ADHD is found to be more prevalent in children with heart disease than in the general pediatric population. Inattention was identified in 45% of children and hyperactivity in 39% of children with heart disease based on the responses of parents and teachers on the DSM-IV Rating Scale and Behavior Assessment System for Children [45]. It is important to note that more than two thirds of children with hypoplastic left heart syndrome were found to have attention/hyperactivity problems. In the corollary, it was found that 50% of children with total anomalous pulmonary venous return fulfilled the criteria for abnormal hyperactivity and/or attention deficits [45]. This link could be due to chronic or intermittent hypoxia experienced by children with heart disease which culminates into adverse effects on development, academic achievement, and behavior.

14. Enuresis and ADHD

ADHD does not cause enuresis nor is it known to be a symptom of ADHD [46]. However, there seems to be a higher prevalence rate of enuresis in children with ADHD. Children with ADHD had a 2.7 times higher incidence of enuresis and a 4.5 times higher incidence of daytime enuresis [46,47] than children without ADHD.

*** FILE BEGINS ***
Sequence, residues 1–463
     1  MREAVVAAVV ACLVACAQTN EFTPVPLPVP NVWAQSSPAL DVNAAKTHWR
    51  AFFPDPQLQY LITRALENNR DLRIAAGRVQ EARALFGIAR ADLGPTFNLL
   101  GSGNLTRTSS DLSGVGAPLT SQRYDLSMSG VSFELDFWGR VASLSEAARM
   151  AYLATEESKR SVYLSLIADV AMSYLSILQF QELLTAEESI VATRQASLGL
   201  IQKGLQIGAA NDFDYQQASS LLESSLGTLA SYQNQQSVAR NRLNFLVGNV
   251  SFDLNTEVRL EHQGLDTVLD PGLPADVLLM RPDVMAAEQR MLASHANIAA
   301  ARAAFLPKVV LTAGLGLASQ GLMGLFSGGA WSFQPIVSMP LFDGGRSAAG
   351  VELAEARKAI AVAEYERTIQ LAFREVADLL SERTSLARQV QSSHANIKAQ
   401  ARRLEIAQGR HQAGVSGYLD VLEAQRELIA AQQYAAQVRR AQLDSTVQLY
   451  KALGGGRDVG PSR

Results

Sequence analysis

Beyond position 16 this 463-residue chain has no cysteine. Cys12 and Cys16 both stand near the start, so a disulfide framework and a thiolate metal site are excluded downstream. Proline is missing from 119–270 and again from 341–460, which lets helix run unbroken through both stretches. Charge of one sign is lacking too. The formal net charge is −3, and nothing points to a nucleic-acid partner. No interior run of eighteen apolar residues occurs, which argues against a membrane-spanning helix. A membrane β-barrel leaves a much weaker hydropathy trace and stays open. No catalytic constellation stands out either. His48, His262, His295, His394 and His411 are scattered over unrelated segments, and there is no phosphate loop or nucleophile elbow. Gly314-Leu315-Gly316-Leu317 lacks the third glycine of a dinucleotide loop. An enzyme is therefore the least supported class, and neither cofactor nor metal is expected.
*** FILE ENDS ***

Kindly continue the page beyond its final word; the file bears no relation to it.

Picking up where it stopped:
15. Encopresis and ADHD

Children with ADHD who are about 7.3 ± 1.3 years were twice more likely to meet DSM-IV criteria for enuresis than non-ADHD controls; they were 1.8 times more likely to do so than children without ADHD [48].

16. Conclusion

Attention deficit/hyperactivity disorder (ADHD), a neuropsychiatric disorder, varies in prevalence from one country to another. These variations could be due to geographical and cultural construct. It could also be due to the criteria used in the diagnosis of ADHD.

In addition, ADHD had been known to have a varying epidemiology in gender with a fast reducing gap between male–female ratio probably due to increased recognition of inattentive ADHD. Attention deficit/hyperactivity disorder (ADHD) is indeed a behavioral disorder with several epidemiological associations. Clinicians, especially in developing countries, should therefore manage an individual with ADHD with a view that there could be other associated behavioral disorders, thus the need for multidisciplinary involvement.

Moreover, the fact that abnormalities in the frontal–striatal circuits and the prefrontal cortex (PFC) affect attention and hyperactivity could be a tell tale sign for neuropsychological intervention. In addition, drugs that can completely modify the frontal–striatal circuits and the prefrontal cortex (PFC) in attention and hyperactivity will be worthwhile and a template for future studies.


My gratitude extends to my lord Jesus and my dear wife Awoere, who has been very supportive.